Yes, after doing the round of college visits with my son almost six years ago, not to mention my own college experience, including years of post graduate work for continuing education as a teacher, I can attest these venerable institutions of learning ooze intellect and a bounty of beautiful minds eager for discourse (okay, maybe I’m poring it on a little thick).
But have you noticed the best of those campuses also offer acres and acres of awe-inspiring architecture (covered in the requisite ivy) and large oaks flanking numerous quads that lead to large clock towers or grand libraries or student unions; all conspire to elevate learning to something akin to a spiritual experience.
Indeed, Jimmy was in seventh heaven several months ago when we got the chance to visit a Florida college campus, with friends Joan and Jerry, that boasts the largest single-site collection of Frank Lloyd Wright (FLW) buildings in the world. Jimmy has been an adoring fan of Wright since his undergraduate days studying architecture at the University of Chicago. I’m an adoring fan of Jimmy; and obviously college campuses.
Voila; Florida Southern College (FSC)! The campus was indeed impressive.
Ludd Spivey, President of FSC from 1925 to 1957, single-handedly set out to transform the oldest private college (it has ties with the Methodist Church) in the state of Florida (the campus is located in central Florida between Tampa and Orlando) into a national landmark. In 1938 Spivey sent a telegram to America’s foremost architect. That telegram read, “Desire conference with you concerning plans for great education temple in Florida.”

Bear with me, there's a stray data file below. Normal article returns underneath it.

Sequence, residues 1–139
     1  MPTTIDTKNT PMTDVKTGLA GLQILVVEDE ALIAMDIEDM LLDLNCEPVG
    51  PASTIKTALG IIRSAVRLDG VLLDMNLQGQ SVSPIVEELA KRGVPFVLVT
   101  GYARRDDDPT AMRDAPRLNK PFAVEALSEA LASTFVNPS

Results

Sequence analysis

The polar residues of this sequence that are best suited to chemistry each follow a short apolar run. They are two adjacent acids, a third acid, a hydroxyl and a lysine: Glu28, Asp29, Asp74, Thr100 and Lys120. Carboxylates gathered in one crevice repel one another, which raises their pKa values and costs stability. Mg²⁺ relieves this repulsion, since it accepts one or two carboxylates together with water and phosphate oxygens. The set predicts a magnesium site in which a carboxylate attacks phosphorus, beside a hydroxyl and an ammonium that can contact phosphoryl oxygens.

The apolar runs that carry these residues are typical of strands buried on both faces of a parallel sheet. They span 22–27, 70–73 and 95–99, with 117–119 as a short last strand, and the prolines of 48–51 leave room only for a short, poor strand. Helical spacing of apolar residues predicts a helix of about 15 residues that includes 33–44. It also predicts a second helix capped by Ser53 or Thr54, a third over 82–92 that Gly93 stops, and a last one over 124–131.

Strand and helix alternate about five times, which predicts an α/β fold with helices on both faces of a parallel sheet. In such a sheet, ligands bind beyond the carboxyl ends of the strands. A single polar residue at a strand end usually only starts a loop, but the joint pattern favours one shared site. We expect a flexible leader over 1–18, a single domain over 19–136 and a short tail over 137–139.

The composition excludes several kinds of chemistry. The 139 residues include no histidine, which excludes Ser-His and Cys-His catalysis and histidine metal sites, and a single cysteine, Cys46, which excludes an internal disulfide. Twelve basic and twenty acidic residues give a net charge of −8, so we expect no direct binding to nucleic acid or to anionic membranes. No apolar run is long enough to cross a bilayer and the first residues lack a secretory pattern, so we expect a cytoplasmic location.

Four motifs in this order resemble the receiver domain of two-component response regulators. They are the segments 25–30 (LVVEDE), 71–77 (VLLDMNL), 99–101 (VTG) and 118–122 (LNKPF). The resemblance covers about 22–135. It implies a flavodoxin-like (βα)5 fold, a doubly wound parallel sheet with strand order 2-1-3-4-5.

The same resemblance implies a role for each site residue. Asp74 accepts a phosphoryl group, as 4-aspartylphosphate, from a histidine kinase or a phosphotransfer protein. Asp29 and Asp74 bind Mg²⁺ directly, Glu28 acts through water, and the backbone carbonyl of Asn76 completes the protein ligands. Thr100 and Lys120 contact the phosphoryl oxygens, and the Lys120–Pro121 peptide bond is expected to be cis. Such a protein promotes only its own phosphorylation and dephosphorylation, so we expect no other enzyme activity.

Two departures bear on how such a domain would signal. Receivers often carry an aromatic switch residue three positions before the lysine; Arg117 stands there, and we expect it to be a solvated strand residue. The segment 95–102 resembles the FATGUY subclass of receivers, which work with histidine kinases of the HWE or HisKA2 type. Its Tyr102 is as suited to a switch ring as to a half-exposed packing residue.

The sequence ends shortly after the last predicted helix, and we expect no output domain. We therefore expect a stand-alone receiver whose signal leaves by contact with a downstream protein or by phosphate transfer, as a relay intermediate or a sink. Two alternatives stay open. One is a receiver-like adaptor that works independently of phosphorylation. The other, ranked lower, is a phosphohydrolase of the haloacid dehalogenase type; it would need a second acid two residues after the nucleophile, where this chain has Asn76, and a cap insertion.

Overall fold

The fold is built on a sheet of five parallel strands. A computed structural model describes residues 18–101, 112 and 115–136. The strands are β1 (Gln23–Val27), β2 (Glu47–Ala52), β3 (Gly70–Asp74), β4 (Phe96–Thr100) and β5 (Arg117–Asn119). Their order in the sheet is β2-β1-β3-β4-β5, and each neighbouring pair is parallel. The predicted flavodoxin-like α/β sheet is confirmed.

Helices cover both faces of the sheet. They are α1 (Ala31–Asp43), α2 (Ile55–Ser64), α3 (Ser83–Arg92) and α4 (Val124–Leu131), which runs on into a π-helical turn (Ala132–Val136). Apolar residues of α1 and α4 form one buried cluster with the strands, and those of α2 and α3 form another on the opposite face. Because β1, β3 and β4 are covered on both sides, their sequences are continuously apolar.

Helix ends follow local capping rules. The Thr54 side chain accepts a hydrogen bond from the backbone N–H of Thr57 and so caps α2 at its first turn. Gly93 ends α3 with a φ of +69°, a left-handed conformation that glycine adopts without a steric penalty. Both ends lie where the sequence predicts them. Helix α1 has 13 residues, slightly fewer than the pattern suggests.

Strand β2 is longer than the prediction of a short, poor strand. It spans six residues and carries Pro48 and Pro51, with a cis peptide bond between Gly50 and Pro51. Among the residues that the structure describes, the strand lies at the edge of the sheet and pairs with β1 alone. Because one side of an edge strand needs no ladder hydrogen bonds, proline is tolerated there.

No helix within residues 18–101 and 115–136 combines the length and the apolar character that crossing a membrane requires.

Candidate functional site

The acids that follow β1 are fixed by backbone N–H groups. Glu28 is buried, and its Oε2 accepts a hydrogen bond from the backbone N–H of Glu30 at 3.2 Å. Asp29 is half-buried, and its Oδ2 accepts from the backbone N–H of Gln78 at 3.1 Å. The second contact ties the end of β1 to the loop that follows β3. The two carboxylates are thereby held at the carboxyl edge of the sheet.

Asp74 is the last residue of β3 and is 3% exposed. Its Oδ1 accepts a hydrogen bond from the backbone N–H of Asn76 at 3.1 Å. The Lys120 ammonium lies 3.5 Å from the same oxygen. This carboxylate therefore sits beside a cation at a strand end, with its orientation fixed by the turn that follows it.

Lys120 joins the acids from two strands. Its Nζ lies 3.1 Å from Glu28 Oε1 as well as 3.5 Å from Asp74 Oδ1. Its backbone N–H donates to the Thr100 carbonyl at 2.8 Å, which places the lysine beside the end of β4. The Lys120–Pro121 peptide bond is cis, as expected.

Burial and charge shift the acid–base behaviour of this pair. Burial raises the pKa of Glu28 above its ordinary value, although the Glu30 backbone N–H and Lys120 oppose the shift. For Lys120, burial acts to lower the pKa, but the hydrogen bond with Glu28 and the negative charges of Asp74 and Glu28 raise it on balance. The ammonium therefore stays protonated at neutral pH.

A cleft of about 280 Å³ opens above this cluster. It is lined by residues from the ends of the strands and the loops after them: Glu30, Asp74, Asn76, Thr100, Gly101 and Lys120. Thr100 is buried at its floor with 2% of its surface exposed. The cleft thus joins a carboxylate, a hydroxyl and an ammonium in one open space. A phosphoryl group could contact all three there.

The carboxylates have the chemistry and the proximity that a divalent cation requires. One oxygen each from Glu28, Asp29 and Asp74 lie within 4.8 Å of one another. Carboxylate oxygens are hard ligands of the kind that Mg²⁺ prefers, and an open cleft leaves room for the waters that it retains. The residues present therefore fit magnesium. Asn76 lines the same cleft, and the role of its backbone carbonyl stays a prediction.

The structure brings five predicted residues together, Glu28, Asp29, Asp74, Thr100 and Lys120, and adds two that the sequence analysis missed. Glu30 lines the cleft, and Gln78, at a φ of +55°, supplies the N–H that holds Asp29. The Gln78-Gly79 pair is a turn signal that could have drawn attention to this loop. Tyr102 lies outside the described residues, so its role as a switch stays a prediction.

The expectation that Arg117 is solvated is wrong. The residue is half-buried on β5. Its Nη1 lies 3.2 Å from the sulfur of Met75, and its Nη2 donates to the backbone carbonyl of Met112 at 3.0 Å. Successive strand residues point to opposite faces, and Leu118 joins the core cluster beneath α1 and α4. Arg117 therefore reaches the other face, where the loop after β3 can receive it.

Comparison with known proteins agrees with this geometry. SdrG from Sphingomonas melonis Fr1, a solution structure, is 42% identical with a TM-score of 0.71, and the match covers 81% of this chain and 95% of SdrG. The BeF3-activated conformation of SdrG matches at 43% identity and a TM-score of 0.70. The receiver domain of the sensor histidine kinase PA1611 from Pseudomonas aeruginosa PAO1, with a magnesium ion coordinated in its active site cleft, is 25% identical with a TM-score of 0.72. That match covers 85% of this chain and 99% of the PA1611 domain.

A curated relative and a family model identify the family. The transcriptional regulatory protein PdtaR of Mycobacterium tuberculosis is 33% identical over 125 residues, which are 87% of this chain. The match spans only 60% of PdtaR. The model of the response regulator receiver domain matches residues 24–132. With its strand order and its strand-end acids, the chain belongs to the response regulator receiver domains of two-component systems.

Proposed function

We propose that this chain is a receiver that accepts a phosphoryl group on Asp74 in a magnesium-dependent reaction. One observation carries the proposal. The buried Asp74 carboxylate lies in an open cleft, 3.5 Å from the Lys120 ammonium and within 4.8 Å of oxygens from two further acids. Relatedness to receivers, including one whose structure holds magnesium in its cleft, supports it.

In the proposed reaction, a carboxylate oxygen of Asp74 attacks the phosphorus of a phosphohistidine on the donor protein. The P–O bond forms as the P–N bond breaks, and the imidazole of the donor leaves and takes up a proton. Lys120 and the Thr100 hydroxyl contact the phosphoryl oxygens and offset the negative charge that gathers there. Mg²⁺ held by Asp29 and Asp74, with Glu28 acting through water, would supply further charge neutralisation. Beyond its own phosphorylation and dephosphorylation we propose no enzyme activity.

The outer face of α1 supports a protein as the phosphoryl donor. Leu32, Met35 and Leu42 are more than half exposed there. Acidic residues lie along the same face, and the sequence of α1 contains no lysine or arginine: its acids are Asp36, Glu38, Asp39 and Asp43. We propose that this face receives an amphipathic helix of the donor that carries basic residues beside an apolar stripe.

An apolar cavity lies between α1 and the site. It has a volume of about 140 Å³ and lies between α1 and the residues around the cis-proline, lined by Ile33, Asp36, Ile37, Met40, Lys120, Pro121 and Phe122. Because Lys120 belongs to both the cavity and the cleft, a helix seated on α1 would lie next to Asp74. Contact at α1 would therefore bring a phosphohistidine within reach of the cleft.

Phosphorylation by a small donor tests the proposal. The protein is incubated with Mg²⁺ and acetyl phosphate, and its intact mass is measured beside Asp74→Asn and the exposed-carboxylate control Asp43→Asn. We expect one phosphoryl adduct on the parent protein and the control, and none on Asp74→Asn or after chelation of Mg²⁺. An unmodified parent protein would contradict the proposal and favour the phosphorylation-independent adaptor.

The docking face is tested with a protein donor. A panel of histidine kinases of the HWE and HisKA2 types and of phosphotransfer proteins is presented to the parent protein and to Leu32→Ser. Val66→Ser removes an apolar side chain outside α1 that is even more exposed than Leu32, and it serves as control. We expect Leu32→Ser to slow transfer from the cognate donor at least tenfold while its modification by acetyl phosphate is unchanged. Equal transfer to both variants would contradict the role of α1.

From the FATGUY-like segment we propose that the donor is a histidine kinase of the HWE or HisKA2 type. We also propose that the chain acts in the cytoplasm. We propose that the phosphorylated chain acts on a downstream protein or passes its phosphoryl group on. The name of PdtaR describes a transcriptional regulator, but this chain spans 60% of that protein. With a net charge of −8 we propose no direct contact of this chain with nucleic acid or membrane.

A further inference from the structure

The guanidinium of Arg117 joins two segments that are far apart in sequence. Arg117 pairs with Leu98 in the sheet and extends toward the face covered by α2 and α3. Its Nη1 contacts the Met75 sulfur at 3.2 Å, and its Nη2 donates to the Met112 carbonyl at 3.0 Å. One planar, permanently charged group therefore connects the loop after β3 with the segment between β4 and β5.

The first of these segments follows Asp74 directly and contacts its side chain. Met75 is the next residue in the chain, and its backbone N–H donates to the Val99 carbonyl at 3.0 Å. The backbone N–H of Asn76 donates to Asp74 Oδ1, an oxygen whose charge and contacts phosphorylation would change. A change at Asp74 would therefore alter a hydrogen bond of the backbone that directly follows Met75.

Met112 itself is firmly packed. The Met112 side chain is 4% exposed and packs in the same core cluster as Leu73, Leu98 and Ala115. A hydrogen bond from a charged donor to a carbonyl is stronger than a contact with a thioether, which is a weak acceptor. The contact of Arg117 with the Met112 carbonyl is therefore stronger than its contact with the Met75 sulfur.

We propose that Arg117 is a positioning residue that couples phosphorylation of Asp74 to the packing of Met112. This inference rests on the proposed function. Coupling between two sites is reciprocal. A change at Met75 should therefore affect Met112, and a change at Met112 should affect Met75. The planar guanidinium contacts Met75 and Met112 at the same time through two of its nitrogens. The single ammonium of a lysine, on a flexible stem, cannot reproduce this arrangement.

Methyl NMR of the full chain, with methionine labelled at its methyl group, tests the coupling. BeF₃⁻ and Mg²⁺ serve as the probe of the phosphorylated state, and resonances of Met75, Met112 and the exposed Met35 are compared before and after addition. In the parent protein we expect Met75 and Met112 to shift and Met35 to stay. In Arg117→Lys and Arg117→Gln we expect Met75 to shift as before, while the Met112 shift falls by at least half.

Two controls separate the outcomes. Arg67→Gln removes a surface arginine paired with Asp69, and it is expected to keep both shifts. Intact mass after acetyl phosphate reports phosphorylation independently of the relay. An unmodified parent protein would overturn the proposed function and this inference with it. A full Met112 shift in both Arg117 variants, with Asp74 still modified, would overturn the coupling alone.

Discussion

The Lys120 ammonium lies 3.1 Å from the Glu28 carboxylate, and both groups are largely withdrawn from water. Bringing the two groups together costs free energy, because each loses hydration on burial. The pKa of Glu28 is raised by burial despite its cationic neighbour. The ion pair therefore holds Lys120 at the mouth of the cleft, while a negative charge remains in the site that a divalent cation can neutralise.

Did I mention that FLW was Methodist?
The first and most spectacular of those buildings was the Annie Pfeiffer Chapel, all the more spectacular because it was constructed with student labor (mostly females) when World War II put a dent in the available male workforce. Obviously Rosie wasn’t just a Riveter working on munitions.
That would be Wright’s Kentuck Knob house, the one he built for I.N. Hagan just east of Uniontown, Pennsylvania and seven miles from his most renowned house, Fallingwater. Both structures definitely “belong to” the site on which they were erected. I’ll let the pictures speak for themselves.
Wright’s protégée, Nils Schweizer, designed the new ET Roux Library that was built in 1968, nine years after the death of Frank Lloyd Wright. Notwithstanding the “house ON a hill” look, the clean lines/curves are reminiscent of Wright’s genius.
Fortunately the uniqueness of the Wright collection caught the attention of the World Monuments Fund, which monitors important architectural and cultural sites around the world (yeah, news to me, too), resulting in Wright’s “child of the sun" being placed on the Fund’s list of 100 most-endangered sites.
That designation should help with the $50 million price tag for restorations to this National Landmark. We were happy to make our small donation courtesy of our tour and one incredible volunteer tour guide.